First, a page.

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Taking Shots

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The reunion was always great.


Every single year without fail, three days before Christmas, his entire family—all his brothers and their kids, and maybe all his Auntie Bea’s kids and their kids—turned up at the house practically all at once. This process usually ended with mass chaos and general pandemonium as the O’Connell family was pulled from all corners to be let loose for a few days in their hometown. The only real rule during the reunions was to be kid-friendly, which meant no cursing or heavy drinking, but the O’Connell boys didn’t need to drink to be incredibly stupid on a mass scale.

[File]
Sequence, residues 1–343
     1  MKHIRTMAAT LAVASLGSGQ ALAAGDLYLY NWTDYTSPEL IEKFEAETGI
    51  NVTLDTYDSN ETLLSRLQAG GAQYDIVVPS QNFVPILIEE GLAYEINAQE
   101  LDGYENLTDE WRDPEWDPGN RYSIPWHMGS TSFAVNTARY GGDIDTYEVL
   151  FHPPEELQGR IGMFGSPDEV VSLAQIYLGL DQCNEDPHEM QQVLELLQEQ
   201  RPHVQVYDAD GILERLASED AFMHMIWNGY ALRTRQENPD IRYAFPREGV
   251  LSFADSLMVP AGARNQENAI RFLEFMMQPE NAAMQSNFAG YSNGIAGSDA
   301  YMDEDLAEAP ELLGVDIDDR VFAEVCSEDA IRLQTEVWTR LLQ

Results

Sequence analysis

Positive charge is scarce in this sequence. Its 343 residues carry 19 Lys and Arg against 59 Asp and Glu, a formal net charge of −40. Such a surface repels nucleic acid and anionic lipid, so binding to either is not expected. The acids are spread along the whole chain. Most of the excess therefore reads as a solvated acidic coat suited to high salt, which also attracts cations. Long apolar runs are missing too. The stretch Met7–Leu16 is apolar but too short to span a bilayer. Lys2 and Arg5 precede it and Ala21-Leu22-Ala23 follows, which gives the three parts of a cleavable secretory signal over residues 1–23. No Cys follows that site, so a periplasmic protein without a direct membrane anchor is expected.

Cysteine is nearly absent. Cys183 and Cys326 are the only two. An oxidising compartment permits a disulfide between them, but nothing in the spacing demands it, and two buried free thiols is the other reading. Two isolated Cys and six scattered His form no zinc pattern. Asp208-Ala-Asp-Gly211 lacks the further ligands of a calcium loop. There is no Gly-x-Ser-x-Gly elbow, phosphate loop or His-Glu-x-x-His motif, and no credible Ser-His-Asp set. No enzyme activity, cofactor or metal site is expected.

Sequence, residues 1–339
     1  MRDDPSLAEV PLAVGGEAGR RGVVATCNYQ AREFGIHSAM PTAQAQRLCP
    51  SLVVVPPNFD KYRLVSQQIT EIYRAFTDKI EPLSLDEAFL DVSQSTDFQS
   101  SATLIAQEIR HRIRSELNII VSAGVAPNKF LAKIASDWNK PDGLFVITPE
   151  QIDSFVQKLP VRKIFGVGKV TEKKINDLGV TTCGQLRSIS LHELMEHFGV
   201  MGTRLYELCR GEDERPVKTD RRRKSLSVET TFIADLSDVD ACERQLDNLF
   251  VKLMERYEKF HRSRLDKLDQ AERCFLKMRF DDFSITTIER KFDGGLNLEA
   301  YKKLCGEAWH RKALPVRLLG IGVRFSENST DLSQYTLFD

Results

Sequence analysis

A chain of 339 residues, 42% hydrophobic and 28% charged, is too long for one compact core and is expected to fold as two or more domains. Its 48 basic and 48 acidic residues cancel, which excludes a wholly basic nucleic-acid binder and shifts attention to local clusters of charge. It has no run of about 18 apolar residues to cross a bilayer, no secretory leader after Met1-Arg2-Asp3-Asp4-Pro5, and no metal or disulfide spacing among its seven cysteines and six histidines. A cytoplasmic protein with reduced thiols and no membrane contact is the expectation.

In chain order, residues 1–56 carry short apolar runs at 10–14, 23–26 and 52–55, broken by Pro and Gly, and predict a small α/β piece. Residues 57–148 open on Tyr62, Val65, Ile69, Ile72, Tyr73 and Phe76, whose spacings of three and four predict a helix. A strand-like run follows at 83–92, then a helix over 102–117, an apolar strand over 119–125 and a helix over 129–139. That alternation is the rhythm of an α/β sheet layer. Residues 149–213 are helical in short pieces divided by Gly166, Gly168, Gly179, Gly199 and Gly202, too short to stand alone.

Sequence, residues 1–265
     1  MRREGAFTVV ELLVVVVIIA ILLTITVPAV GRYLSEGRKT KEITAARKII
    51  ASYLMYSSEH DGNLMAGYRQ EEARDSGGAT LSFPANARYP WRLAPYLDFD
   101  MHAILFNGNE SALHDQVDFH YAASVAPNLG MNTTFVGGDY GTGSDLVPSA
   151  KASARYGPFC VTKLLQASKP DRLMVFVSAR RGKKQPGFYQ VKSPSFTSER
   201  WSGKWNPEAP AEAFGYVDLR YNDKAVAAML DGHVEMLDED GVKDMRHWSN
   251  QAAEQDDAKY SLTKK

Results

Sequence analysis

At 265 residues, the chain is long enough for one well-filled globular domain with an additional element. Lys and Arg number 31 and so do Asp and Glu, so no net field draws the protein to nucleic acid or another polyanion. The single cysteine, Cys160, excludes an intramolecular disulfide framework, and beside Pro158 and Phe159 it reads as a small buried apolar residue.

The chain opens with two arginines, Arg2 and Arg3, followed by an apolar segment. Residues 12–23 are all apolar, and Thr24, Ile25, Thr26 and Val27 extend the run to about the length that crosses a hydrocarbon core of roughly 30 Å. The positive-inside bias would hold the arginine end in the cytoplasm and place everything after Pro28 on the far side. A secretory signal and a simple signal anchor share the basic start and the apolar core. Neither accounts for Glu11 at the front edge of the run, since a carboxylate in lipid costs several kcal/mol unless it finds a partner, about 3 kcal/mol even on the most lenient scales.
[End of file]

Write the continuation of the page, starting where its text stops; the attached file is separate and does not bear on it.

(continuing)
“Ay yo, Tony!” Scout called, running and jumping onto his older brother’s back.


“Ay, Shrimp!” Tony said, perking up, adjusting to the weight without spilling a single drop of his drink. “Here I was thinking you wouldn’t make it—Ma said you just started the drive like, a few days ago! Ain’t your job on the other side of the planet?”


“Hey, you don’t show up late to dinner,” Scout replied with a grin, and his brother laughed, ruffling his hair over his shoulder. Scout hopped off his back and went to stand in front of him like a normal person.


“You remember Theresa—an’ you’ve met Carly, right?” Tony asked, gesturing first to the woman standing next to him and smiling warmly, then to the little girl currently hiding behind her mother’s legs. She had Theresa’s nose and hair, but O’Connell curiosity in her expression.


“Yep! But she was still a little loaf back then,” Scout confirmed. He took a knee to be level with the kid, putting a hand forward to shake. “Hey, I like your shoes. Those are cool colors. Nice to see ya.”